Where does that leave the Linux-based SteamOS? Many PC gamers might expect their “living room PCs” to run all the (Windows) PC games they’ve purchased on Steam, after all. The Alienware Alpha living-room PC—originally supposed to be a Steam Machine—is a good example of how a Windows-based Steam-gaming living-room PC might look.
SteamOS development hasn’t halted, of course. But Valve may be less committed to Linux and SteamOS, as the company's extracted key concessions from Microsoft.
This isn’t the final word
Despite all we’ve said, there’s still ample room for SteamOS to make an impact, as Alienware general manager Frank Azor told PCWorld ahead of last year’s E3:
“SteamOS is obviously been designed around one single use, whereas Windows is a multi-use operating system that can be custom tailored around any one particular use—as we’re doing [with Alienware Alpha’s console mode]. But Valve has a lot more control developing SteamOS, ensuring it’s singularly focused with one use model. That’s why it’s a very important initiative for us, and one we’re still fully supporting as soon as it’s ready. It’s a more sustainable way of delivering a reliable living room experience. We can build our custom [console UI] interface over Windows, but we don’t know what [the next version of Windows] is going to be. Are we going to have to redo all that work…?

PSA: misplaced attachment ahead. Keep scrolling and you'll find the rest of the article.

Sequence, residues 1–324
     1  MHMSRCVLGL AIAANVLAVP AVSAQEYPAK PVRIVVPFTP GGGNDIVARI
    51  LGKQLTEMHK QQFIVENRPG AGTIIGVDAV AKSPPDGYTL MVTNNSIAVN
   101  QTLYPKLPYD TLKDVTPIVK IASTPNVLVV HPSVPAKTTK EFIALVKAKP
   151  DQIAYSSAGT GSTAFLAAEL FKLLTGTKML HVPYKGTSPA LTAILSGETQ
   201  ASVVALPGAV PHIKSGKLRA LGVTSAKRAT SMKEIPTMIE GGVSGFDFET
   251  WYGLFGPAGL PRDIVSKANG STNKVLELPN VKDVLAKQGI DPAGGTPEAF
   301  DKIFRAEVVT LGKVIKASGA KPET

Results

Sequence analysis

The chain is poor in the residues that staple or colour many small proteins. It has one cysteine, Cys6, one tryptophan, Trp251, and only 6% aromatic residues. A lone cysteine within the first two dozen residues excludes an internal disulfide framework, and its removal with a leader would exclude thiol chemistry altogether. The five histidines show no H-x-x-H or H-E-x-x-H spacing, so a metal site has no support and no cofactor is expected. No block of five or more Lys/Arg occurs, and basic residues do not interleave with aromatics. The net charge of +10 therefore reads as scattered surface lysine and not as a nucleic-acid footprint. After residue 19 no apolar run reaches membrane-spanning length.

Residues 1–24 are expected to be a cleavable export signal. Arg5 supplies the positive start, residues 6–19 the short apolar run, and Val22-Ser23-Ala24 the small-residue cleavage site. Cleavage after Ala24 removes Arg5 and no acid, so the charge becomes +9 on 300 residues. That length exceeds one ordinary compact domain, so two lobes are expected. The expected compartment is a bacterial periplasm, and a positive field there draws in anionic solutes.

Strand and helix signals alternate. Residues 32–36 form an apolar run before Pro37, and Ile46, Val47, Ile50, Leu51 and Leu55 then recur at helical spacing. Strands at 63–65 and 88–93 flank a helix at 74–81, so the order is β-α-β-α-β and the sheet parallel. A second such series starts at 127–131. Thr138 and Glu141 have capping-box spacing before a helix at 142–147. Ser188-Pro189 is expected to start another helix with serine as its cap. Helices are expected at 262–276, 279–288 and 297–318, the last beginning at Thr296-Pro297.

That’s why we feel that over the long term, SteamOS and the Steam gamepad are going to be the best solution.”
We’ll have to see what happens. But, for we Linux geeks who were expecting Windows to crater as Valve’s SteamOS ripped PC gaming away from Windows, it’s increasingly looking like Steam Machines may have missed their chance to rip PC gaming out of Microsoft’s hands.